By Michael B. Horn and Bob Moesta
Over the last several years, we collected and analyzed more than 200 personal stories and surveys of more than 1,000 students who chose different paths for higher education to understand what was causing them to enroll.
We discovered there are five primary reasons why people attend college:
- To Get Into Their Best School
- To Do What’s Expected of Them
- To Get Away
- To Step It Up
- To Extend Themselves
Although that sounds simple, each reason contains forces pushing and pulling people that range from functional considerations—for example, if I get another degree, I’ll receive a raise that justifies the cost—to emotional and social considerations.
One way to visualize some differences between the five is to imagine a math major who is:
- Seeking her best school and saying, “Help me get my math degree from Harvard.”
- Looking to do what’s expected of her is saying, “My mom said I was good at math, so I am taking it.”
- Trying to get away and saying, “I’m good enough at math. I’ll major in it to get me out of where I am today.”
- Aiming to step it up to be a data analyst because it pays much better than her current job, and she sees that majoring in math is a ticket to that role.
- Looking to extend herself and is interested in math because it will help her better serve her existing clients or because of a deeper curiosity in mathematics. The student is intrinsically interested in the subject.
Just because all of these students said they want to go to college, doesn’t mean parents should treat each of these students the same.
Here is one tip for what a parent should do in each of these circumstances.
1) Get Into My Best School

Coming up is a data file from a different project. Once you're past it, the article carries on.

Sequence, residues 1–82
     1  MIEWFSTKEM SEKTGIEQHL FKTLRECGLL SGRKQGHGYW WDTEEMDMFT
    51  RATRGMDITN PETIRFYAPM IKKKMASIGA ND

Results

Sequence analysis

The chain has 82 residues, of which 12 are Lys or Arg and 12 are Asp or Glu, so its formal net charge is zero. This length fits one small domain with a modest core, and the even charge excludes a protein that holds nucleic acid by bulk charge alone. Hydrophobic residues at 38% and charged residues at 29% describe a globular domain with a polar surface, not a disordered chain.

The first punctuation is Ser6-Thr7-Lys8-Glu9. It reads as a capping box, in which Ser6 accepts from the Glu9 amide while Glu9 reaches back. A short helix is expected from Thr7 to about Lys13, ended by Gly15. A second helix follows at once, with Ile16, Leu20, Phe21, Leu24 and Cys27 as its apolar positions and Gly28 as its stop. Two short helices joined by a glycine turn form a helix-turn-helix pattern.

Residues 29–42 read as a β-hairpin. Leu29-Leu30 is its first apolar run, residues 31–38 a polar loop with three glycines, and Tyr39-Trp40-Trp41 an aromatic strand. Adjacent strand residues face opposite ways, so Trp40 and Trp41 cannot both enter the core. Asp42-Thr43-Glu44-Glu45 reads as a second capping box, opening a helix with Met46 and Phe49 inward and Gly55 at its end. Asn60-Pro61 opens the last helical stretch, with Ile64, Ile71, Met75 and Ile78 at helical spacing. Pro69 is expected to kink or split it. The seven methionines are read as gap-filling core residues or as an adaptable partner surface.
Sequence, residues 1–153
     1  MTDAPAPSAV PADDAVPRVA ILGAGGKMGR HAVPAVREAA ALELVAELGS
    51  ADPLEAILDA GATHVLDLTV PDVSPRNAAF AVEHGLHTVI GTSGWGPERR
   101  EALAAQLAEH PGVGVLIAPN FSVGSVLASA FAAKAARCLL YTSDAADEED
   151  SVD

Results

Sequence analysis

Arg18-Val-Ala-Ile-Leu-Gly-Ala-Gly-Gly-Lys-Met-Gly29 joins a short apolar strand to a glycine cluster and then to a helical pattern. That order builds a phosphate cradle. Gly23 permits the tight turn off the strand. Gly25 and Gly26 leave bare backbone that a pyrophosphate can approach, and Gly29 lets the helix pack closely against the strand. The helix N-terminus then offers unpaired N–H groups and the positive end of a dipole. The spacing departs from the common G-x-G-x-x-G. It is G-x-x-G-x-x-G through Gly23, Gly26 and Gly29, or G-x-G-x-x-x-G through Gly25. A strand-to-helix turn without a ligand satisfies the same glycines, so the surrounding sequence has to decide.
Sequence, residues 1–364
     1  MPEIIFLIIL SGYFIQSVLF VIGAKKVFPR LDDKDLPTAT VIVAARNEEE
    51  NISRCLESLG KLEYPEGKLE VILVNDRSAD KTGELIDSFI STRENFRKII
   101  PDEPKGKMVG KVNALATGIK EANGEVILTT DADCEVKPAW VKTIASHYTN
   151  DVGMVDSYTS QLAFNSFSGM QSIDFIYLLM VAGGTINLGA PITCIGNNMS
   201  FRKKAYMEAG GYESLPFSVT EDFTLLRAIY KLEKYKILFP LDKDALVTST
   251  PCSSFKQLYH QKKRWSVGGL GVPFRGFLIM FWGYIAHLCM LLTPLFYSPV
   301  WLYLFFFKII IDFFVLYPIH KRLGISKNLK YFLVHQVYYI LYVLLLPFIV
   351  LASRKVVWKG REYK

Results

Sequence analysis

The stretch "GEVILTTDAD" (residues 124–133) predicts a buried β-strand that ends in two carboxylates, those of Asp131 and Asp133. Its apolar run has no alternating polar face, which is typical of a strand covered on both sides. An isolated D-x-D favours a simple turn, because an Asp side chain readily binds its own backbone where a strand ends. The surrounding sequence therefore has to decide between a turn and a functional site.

Help your child relax by throwing out the college rankings lists. It’s a poor way to figure out the right fit for your child.
2) Do What’s Expected of Me
Do not force someone to go to college for its own sake without a sense of excitement, passion, or purpose. Instead help them broaden their options for what they could do next.
3) Get Away
Make sure your child can get away, but that in so doing, that she doesn’t bite off more than she can chew. Whatever your child does next should be short and low cost.
4) Step It Up
As your child struggles to improve her life, don’t help your child avoid that struggle until she has wrestled with the full dimension of it. Instead, the key is to coach her through it.
5) Extend Myself
Give your child permission to go for it. Help her see that she has little to lose and much to gain by getting more education when she’s in this circumstance.
By understanding where their children are, parents can avoid pushing when they should listen, push when their child needs a nudge, and illuminate the right path ahead.
Michael B. Horn and Bob Moesta are the coauthors of Choosing College: How to Make Better Learning Decisions Throughout Your Life (September 2019).